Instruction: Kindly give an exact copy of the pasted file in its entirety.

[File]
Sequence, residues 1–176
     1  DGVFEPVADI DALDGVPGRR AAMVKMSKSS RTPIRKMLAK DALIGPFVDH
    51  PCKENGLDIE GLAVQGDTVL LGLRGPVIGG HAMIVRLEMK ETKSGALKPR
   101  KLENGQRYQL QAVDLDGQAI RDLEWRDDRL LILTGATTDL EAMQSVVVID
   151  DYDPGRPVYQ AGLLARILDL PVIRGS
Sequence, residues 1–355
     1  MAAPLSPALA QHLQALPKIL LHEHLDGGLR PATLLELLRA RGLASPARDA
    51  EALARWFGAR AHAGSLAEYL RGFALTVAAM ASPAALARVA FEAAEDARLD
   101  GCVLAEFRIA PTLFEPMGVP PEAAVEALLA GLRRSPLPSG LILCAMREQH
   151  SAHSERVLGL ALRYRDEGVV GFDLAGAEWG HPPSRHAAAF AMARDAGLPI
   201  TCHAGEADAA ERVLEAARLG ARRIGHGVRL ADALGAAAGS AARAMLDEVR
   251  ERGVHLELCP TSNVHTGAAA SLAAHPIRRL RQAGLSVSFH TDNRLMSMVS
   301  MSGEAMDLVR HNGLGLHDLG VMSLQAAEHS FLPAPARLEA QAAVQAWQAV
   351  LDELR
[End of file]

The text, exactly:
Sequence, residues 1–176
     1  DGVFEPVADI DALDGVPGRR AAMVKMSKSS RTPIRKMLAK DALIGPFVDH
    51  PCKENGLDIE GLAVQGDTVL LGLRGPVIGG HAMIVRLEMK ETKSGALKPR
   101  KLENGQRYQL QAVDLDGQAI RDLEWRDDRL LILTGATTDL EAMQSVVVID
   151  DYDPGRPVYQ AGLLARILDL PVIRGS
Sequence, residues 1–355
     1  MAAPLSPALA QHLQALPKIL LHEHLDGGLR PATLLELLRA RGLASPARDA
    51  EALARWFGAR AHAGSLAEYL RGFALTVAAM ASPAALARVA FEAAEDARLD
   101  GCVLAEFRIA PTLFEPMGVP PEAAVEALLA GLRRSPLPSG LILCAMREQH
   151  SAHSERVLGL ALRYRDEGVV GFDLAGAEWG HPPSRHAAAF AMARDAGLPI
   201  TCHAGEADAA ERVLEAARLG ARRIGHGVRL ADALGAAAGS AARAMLDEVR
   251  ERGVHLELCP TSNVHTGAAA SLAAHPIRRL RQAGLSVSFH TDNRLMSMVS
   301  MSGEAMDLVR HNGLGLHDLG VMSLQAAEHS FLPAPARLEA QAAVQAWQAV
   351  LDELR